“The wars of the 21st Century will be fought over water,” Ismael Serageldin, former vice president of the World Bank, famously said. As I skim global headlines, I understand why people think a “water war” is imminent: entire cities are running out of water; contaminated drinking water is causing rampant health crises; and the Islamic State is using water as a weapon.
But are we truly on the verge of a water war? The short answer: no. The long answer: it’s complicated. This does not mean that serious conflict over water does not exist or that water issues cannot exacerbate existing tensions. Local conflicts over access to safe drinking water can take a toll on communities’ health, economic potential, and resilience and often escalate to violence. As a vital resource with so many competing interests, conflict may seem inevitable. But we forget that when it comes to water, cooperation is the norm, not the exception.
The International Water Events Database shows that violent conflicts over water are rare whereas peaceful interactions abound. The 1,228 cooperative acts recorded worldwide between 1948 and 2008 dwarf the 507 conflictive events, of which 62% did not escalate beyond verbal hostility.
Even in the deeply rooted conflict between India and Pakistan, the Indus Water Treaty has solidly survived three Indo-Pakistani wars and countless ruptures in diplomatic relations between the nuclear-armed neighbors, all while allowing for the sharing of data and joint management of the Indus River. Today, climate change is affecting the flow of the river and tensions are rising in Kashmir. The Treaty is being put to the test once again—but continued cooperation over water between the two nations has the potential to safeguard the Treaty for generations to come.
If we only focus on the inevitability of a water war, we risk forgetting the power of water to foster cooperation and peace. We create anxiety, rather than motivate action. We sacrifice important perspectives and design ineffective and unsustainable solutions. We distract attention from serious water-related issues that communities are facing daily.
While wars over water are not breaking out around the world, millions of people lack access to this fundamental human need: water. The world simply cannot afford to take an adversarial approach to water when 2.2 billion people lack access to safe drinking water and 4.2 billion lack sanitation services. Even in the U.S., there are 1.6 million Americans without running water or indoor plumbing and entire cities, such as Newark, NJ, and Flint, MI, are without clean drinking water.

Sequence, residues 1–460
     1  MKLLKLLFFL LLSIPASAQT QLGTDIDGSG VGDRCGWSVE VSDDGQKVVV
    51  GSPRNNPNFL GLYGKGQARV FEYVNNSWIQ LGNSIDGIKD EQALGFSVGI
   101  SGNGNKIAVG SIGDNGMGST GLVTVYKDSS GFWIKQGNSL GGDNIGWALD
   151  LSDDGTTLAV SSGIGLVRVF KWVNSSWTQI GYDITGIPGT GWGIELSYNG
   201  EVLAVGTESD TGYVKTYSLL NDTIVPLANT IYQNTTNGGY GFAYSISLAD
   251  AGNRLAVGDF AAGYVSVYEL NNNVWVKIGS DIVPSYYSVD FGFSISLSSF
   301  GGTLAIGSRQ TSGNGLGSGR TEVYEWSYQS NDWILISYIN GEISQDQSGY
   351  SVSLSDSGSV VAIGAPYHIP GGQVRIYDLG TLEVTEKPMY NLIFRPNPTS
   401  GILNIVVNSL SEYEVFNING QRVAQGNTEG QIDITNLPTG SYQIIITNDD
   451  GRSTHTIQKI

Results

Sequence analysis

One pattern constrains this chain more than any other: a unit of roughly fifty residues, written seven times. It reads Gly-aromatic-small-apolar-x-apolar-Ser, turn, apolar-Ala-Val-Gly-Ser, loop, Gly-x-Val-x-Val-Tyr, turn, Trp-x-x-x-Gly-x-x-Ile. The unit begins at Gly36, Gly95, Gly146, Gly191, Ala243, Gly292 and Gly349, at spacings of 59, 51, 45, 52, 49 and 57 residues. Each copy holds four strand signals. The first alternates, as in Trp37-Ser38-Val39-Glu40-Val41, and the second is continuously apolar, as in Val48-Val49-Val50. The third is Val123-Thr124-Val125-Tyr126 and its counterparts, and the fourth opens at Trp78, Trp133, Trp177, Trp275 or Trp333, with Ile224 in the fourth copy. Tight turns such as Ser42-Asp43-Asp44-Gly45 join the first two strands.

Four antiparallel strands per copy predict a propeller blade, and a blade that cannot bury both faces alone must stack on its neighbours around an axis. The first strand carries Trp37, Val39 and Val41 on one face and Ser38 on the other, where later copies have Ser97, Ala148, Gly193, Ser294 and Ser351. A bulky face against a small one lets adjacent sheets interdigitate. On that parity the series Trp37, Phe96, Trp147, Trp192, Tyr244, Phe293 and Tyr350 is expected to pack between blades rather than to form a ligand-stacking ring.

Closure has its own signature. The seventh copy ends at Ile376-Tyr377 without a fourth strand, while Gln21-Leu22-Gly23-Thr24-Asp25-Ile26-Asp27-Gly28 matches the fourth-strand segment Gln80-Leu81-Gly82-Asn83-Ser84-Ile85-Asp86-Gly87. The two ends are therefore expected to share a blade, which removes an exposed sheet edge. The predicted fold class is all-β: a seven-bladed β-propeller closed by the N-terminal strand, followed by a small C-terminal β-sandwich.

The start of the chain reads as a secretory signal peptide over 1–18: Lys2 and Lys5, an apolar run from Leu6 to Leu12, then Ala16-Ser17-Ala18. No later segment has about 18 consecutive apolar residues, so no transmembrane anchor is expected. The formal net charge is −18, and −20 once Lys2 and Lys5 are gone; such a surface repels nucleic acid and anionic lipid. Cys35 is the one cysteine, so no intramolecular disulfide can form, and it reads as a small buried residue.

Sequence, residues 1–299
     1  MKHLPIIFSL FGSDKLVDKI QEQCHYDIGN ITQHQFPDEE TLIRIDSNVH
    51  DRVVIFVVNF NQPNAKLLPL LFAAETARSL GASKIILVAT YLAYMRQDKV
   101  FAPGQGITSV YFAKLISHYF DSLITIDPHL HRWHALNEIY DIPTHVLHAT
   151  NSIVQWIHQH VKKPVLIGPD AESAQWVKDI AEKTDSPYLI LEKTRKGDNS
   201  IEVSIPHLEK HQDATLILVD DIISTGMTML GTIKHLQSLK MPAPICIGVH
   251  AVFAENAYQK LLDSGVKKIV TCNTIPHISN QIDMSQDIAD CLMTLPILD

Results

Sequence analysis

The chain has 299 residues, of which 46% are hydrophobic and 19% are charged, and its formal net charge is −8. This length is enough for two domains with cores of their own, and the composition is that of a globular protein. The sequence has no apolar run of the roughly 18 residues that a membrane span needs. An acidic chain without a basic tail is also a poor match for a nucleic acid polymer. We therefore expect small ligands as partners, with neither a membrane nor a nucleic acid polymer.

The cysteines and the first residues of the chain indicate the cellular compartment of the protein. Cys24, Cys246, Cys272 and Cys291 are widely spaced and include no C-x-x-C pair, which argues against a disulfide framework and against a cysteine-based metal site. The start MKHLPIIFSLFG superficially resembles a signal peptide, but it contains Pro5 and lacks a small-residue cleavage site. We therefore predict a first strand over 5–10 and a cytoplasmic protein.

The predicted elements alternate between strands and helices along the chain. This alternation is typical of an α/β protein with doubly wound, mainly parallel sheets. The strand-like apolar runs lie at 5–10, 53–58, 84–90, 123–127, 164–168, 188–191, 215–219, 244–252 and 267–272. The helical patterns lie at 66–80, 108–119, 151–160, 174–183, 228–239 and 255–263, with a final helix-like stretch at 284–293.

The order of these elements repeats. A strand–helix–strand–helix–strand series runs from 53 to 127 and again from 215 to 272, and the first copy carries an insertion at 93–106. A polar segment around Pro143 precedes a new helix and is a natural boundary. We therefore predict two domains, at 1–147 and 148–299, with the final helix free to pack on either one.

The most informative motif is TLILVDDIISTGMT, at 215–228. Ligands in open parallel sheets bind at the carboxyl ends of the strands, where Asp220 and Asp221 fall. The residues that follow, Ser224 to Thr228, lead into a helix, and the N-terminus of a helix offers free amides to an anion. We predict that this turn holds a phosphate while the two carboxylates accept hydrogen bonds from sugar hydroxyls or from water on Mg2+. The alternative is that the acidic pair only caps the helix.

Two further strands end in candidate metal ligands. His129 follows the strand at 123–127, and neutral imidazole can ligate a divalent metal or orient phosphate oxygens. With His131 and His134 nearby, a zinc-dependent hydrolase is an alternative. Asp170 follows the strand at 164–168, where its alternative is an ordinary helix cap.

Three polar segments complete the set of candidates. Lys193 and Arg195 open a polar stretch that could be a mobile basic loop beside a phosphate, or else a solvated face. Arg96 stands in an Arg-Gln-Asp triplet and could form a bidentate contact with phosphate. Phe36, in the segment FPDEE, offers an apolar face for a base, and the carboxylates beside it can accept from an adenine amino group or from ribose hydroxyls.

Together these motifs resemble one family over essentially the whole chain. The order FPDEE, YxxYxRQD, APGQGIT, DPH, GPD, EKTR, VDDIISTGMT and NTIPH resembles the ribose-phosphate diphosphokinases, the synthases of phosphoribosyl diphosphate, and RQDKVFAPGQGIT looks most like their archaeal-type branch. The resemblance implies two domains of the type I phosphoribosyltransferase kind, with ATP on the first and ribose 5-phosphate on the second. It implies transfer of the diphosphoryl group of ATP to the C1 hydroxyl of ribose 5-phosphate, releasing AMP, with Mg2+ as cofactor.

Every day at Meridian, my colleagues and I strive to provide the space for collaborative problem-solving: we use our understanding of the people, issues, and context that could lead to conflict to instead build trust, partnerships, and long-term cooperation. I think about an effort Meridian led in the early 2000s as an example of how collaborative solutions can drive change in the water sector. In the midst of a flurry of headlines on aging infrastructure, water contamination, groundwater depletion, and extreme weather threatening the U.S. freshwater supply, Meridian guided leaders in water management, infrastructure, agriculture, and energy to embark on a groundbreaking collaboration: Charting New Waters (CNW).
Through CNW, these leaders committed to reframing problems as challenges to overcome, devising strategies with multiple benefits, and integrating a range policy and management approaches. Meridian facilitated the development of consensus-based guiding principles and recommendations on key areas including distributed infrastructure, urban water security, and nutrient management. This collaboration generated new and innovative ideas with sticking power—more than a decade later, many of these sectors and leaders are still working together to implement solutions to water and infrastructure challenges across the country.
In an era of unprecedented environmental rollbacks, a collaborative approach is needed now more than ever. Hypothesizing about the next water war will not help protect our water resources—but bringing people together to deliberately consider how to manage scarce and precious resources will. I’ve witnessed how water can be a catalyst for peace, economic prosperity, and healthy communities. When we come together to protect it, innovative and resilient solutions are within reach.